News & Events
You might also like
- OFBF continues to focus on water issues
- Four things you need to know from the 2014 AgChat Conference
- Connecting and network developing
- Learning where to find the answers
- Learning to be more proactive for agriculture
Buckeye Farm News
Got a problem with deer damaging your crops? Take action by getting deer damage permits, which allow you to kill a certain number of deer on your property. That’s the advice of David Risley, executive administrator for the Ohio Division of Wildlife’s Wildlife Management and Research.
Last year, the wildlife division issued 1,591 deer damage permits after receiving 1,677 complaints, Risley said. The number of deer killed under the special permits was 8,723. He said almost every farmer who requests the permit gets one.
“The most common complaint on denial that I have heard has been with cover crops or forage. Shooting permits are sometimes denied for safety purposes,” Risley said, noting that suburbs often don’t allow shooting. “I emphasize to our staff that they should be very liberal in issuing permits.”
Ohio has more deer than it can manage, said Chris Henney, Ohio Farm Bureau Federation's (OFBF) director of legislative relations. Experts estimate that the deer population is more than 700,000. OFBF policy calls for reducing that number to 250,000.
While Ohio Division of Wildlife officials don’t have the final number of deer killed last year, they said more than 116,000 deer were harvested during deer gun season. Archery season didn’t end until Feb. 1.
“It’s good to see the deer harvest numbers continue to increase because the overall population also continues to rise,” Henney said. “But ultimately we need to see the population numbers decrease.”
Risley agreed that the deer population is too large, which is why the division added an extra weekend of sport hunting in 2007, resulting in an additional 18,049 deer being killed.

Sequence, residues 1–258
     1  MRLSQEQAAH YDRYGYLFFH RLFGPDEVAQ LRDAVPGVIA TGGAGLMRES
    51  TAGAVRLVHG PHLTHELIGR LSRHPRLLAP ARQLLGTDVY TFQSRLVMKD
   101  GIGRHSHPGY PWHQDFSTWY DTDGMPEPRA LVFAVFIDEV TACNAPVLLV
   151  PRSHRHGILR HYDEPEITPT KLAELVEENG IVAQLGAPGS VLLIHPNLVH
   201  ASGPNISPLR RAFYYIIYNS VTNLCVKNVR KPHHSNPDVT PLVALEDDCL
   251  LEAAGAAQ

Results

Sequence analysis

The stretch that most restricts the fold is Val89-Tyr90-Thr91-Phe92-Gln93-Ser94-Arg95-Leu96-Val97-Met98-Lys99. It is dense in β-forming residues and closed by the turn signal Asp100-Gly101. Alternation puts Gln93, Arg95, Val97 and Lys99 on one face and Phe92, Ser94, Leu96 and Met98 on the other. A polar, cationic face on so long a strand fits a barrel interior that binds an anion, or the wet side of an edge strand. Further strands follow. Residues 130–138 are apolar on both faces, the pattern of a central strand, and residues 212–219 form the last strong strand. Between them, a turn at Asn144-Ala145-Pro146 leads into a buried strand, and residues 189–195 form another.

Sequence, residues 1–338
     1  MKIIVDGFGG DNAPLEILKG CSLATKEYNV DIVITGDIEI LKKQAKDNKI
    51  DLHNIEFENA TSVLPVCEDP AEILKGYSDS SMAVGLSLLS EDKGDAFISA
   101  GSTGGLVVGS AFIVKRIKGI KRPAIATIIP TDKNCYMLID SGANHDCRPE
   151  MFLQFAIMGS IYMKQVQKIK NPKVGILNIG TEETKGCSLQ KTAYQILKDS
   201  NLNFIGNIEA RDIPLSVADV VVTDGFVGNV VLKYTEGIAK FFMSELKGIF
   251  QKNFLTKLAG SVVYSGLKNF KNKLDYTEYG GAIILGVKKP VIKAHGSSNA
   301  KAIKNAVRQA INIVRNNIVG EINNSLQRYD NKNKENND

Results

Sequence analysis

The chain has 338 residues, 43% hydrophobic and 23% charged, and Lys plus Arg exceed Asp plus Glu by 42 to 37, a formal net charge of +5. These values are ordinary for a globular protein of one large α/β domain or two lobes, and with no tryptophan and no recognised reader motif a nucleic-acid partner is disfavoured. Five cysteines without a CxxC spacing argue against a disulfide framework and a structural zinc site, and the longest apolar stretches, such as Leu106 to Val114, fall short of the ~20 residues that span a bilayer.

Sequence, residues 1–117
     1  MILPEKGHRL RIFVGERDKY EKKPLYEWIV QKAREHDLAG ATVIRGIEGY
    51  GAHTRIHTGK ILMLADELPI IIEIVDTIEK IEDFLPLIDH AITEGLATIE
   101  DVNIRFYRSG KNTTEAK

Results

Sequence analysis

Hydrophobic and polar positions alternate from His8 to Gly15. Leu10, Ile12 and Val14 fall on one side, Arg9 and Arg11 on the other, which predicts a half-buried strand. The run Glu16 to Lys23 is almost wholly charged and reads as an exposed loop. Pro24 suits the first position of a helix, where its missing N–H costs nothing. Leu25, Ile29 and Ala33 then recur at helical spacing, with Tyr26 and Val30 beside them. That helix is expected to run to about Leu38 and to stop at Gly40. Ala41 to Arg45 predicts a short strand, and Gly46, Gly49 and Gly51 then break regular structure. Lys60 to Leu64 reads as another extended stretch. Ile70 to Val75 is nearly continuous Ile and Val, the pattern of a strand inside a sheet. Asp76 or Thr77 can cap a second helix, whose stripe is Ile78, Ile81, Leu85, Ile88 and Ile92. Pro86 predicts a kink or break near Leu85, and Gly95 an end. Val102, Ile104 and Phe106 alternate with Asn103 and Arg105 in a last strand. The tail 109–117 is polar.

“Whenever farmers have a problem with deer, we like to work with them to solve the problem,” he said. “A lot of people have damage problems and they could kill each and every deer on their property but if their neighbors don’t allow it, they will have the same problem next year.”
Farmers interested in getting a deer damage permit should contact the state wildlife officer assigned to their county or the wildlife specialist of the local Soil and Water Conservation District if their district has one. The officer or specialist will complete an assessment within five working days to determine if the permit should be issued but most permits are issued immediately, Risley said.
Landowners are allowed to kill up to 10 deer under the permit and can use as many as five individuals to help shoot the deer. The permits are valid until the start of deer hunting season but officers will issue permits during hunting season for special circumstances, Risley said. The wildlife division encourages landowners to recover the animal and donate the meat to local food banks, he said.
Risley also said that landowners need to use skilled hunters who are able and willing to kill antlerless deer.
“We would like to get to the day where we never get a (deer damage) complaint but that will probably never happen,” Risley said. “Our philosophy is to optimize the opportunity and minimize the conflict. We’ll probably keep pushing the deer population back until hunters complain that there’s not enough deer.”